Burden of Demonstrating Changed Circumstances to Modify Child Support
By Snyder Sarno D'Aniello Maceri & da Costa LLC on November 06, 2018
Betz v. Foti, 2018 N.J. Super. Unpub. LEXIS 2401
The High Burden of Demonstrating Changed Circumstances to Modify Child Support
New Jersey policy places a high emphasis on the support of children. Thus, parents have an obligation to support their children both financially and emotionally, and such support continues after a divorce. This policy has led the courts to create a high burden for the payor-parent requesting modification of their child support amount when their financial circumstances change. “The demonstration of a significant change in financial circumstances is the first step when determining whether modification of a previously set child support award is warranted.” Jacoby v. Jacoby, 427 N.J. Super. 109, 118-19 (App. Div. 2012). Therefore, it is the moving party who bears the burden of making a prima facie showing of changed circumstances. Once a change in circumstances has been shown, the court then determines the proper level of support, but such a determination often applies the New Jersey Child Support Guidelines. A recent Appellate Division case, Betz v. Foti, provides some clarity into understanding what is sufficient to constitute changed circumstances.
In Betz, defendant appealed from an order denying his motion to modify child support. The parties’ marriage lasted approximately eight years before their divorce finalized in 2015. The ex-husband (defendant) stated that his annual income averaged between $25,000 and $29,000 just before the divorce complaint was filed. However, he was imputed income of $75,000 annually by agreement because his child support arrearages had heavily accumulated since the final judgment of divorce (FJOD). Based on the higher imputed income, the court established defendant’s child support obligation at $203 per week.
A hearing was conducted by the court in order to determine the validity of the parties’ verbal agreement regarding defendant’s imputed income. After the FJOD, defendant argued that he only agreed to be imputed at the higher income for the time between the initial complaint and the FJOD because of the substantial child support arrears. He therefore argued for a downward modification of child support based on his real income of less than $30,000 annually.
Defendant argued that he had level I autism disorder and attention deficit hyperactivity disorder, which prevented him from understanding the financial consequences of his agreement with plaintiff. Plaintiff’s opposition contended that defendant’s condition did not affect his capacity to enter into the agreement. Moreover, she argued that defendant’s income also included cash payments and other benefits as he worked for his family business.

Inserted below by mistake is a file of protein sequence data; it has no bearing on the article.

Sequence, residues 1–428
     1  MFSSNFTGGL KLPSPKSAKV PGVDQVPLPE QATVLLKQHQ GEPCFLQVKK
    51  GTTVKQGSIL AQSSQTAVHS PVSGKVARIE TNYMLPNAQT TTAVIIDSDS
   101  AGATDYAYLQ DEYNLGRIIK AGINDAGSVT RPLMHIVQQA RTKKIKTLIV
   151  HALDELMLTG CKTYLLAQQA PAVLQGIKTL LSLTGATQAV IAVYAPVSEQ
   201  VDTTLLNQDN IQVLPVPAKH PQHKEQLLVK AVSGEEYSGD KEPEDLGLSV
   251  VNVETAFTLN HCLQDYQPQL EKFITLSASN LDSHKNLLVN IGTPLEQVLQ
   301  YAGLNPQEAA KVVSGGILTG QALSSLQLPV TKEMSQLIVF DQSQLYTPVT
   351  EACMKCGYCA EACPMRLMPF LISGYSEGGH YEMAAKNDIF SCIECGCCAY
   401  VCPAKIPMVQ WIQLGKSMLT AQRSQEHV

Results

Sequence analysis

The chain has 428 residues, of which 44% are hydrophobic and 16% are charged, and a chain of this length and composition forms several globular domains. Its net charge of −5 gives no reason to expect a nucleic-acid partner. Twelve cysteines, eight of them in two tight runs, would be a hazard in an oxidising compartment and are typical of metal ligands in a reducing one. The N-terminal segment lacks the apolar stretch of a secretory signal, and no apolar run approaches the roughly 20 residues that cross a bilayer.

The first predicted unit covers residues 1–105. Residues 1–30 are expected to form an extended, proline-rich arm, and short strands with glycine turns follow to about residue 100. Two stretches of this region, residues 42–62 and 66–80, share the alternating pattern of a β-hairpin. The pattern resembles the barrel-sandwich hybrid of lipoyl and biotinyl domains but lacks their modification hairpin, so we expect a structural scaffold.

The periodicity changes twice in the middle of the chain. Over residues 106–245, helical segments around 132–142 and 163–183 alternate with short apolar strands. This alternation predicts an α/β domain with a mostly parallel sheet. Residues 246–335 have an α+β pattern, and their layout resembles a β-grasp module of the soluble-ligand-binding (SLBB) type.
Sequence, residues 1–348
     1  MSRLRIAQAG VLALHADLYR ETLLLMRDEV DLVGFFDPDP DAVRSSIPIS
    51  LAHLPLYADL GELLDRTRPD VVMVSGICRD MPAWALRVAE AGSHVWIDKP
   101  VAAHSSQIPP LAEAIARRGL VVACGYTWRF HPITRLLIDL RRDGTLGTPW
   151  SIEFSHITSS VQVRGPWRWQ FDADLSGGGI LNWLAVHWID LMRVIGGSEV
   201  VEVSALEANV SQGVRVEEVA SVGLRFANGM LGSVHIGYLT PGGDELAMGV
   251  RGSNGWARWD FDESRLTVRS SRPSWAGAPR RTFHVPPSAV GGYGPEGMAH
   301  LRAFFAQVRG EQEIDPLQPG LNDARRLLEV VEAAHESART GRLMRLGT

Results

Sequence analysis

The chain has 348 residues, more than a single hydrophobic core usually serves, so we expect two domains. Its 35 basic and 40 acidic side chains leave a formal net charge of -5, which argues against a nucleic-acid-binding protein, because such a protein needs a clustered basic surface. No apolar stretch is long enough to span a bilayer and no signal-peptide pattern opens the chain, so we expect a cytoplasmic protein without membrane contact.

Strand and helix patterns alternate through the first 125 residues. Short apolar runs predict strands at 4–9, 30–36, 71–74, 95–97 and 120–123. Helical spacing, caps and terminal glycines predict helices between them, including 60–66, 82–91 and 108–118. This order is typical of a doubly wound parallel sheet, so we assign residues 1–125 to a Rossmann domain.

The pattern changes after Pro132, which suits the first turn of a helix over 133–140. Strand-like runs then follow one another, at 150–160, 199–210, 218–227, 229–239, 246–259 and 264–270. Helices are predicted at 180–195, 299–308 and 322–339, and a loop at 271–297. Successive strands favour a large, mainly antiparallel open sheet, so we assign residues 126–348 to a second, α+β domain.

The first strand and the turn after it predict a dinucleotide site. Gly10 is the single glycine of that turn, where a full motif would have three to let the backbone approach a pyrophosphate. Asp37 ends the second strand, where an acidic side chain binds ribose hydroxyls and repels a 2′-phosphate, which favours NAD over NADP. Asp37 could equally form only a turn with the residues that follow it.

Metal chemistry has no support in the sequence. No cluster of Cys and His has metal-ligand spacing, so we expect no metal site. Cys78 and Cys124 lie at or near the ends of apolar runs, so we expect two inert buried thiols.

The court held that defendant did not make a prima facie showing of changed circumstances justifying any modification of his child support obligation. In denying defendant’s motion, the court stated that if defendant’s reported income decreased substantially, it was his obligation to answer the discovery requests of plaintiff for his complete financial information. The defendant instead “agreed to the imputed income rather than risk financial scrutiny of is earnings and the earnings of the family business.” The court did find, however, that defendant’s compensation changed from salary-based before the FJOD to commission-based after the FJOD. Despite this seemingly different circumstance, the court still was not persuaded that defendant made a prima facie showing of changed circumstances on a permanent basis.
On appeal, the Appellate Division affirmed the court, holding that defendant failed to make a prima facie showing of changed circumstances that substantially impaired his ability to pay. The Appellate Division stated that the changed circumstances analysis requires careful scrutiny of the parties’ financial condition at the time of the divorce complaint and at the time of the divorce itself. Courts require the alleged changed circumstances to have already occurred by the time the motion is filed and be permanent in nature.
If you have any questions regarding modification of child support, please contact the skilled matrimonial attorneys at Snyder Sarno D’Aniello Maceri & da Costa LLC. Call us today at (973) 274-5200.
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